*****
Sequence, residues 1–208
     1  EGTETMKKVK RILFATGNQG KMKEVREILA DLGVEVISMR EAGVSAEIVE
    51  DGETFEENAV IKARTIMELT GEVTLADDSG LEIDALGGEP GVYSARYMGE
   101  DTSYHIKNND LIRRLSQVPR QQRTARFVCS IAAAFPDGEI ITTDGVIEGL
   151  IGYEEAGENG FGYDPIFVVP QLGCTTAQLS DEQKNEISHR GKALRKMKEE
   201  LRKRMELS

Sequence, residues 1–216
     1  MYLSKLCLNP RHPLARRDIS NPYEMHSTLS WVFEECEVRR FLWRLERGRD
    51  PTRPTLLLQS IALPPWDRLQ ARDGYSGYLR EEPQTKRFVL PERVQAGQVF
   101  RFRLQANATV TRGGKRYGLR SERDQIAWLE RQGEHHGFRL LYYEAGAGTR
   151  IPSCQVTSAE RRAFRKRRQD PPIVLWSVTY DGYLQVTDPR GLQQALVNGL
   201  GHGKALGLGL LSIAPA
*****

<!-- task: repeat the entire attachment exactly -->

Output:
Sequence, residues 1–208
     1  EGTETMKKVK RILFATGNQG KMKEVREILA DLGVEVISMR EAGVSAEIVE
    51  DGETFEENAV IKARTIMELT GEVTLADDSG LEIDALGGEP GVYSARYMGE
   101  DTSYHIKNND LIRRLSQVPR QQRTARFVCS IAAAFPDGEI ITTDGVIEGL
   151  IGYEEAGENG FGYDPIFVVP QLGCTTAQLS DEQKNEISHR GKALRKMKEE
   201  LRKRMELS

Sequence, residues 1–216
     1  MYLSKLCLNP RHPLARRDIS NPYEMHSTLS WVFEECEVRR FLWRLERGRD
    51  PTRPTLLLQS IALPPWDRLQ ARDGYSGYLR EEPQTKRFVL PERVQAGQVF
   101  RFRLQANATV TRGGKRYGLR SERDQIAWLE RQGEHHGFRL LYYEAGAGTR
   151  IPSCQVTSAE RRAFRKRRQD PPIVLWSVTY DGYLQVTDPR GLQQALVNGL
   201  GHGKALGLGL LSIAPA